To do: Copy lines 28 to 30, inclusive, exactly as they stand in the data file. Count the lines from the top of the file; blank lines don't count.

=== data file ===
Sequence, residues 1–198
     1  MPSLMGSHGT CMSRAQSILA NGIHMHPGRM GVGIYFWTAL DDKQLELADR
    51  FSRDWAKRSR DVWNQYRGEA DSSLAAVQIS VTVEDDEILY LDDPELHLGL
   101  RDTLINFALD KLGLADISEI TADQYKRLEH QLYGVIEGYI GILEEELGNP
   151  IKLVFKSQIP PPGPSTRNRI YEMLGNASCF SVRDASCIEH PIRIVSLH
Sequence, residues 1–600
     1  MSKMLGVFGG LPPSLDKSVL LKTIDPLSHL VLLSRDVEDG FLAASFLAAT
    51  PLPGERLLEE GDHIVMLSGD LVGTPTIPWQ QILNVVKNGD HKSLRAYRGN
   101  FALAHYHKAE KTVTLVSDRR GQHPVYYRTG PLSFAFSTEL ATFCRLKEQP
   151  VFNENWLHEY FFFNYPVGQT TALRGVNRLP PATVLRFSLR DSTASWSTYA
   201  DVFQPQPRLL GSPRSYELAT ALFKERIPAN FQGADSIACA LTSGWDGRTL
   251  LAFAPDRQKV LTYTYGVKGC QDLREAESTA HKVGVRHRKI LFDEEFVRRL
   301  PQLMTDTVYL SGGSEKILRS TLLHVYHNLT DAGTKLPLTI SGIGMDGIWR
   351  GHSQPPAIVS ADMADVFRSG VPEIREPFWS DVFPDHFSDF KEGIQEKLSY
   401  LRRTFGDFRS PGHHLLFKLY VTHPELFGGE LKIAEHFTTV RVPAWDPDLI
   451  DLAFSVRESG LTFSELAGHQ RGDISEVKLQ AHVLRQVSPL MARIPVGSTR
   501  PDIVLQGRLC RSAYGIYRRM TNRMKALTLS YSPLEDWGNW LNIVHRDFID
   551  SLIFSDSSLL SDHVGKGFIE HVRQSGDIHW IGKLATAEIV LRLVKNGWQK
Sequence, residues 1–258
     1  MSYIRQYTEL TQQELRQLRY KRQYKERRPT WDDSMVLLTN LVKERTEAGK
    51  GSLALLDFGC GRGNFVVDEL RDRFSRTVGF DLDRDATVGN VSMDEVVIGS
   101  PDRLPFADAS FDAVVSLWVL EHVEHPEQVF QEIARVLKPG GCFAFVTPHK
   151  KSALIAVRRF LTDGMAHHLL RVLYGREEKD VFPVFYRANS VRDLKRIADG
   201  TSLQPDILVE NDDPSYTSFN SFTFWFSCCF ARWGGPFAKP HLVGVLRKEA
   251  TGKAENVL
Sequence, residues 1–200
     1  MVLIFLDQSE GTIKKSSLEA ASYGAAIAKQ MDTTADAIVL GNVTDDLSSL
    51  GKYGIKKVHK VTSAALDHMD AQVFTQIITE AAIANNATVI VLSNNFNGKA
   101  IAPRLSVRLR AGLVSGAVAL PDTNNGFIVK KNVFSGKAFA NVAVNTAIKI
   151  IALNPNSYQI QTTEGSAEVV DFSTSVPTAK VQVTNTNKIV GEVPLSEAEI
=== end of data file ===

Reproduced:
    51  GKYGIKKVHK VTSAALDHMD AQVFTQIITE AAIANNATVI VLSNNFNGKA
   101  IAPRLSVRLR AGLVSGAVAL PDTNNGFIVK KNVFSGKAFA NVAVNTAIKI
   151  IALNPNSYQI QTTEGSAEVV DFSTSVPTAK VQVTNTNKIV GEVPLSEAEI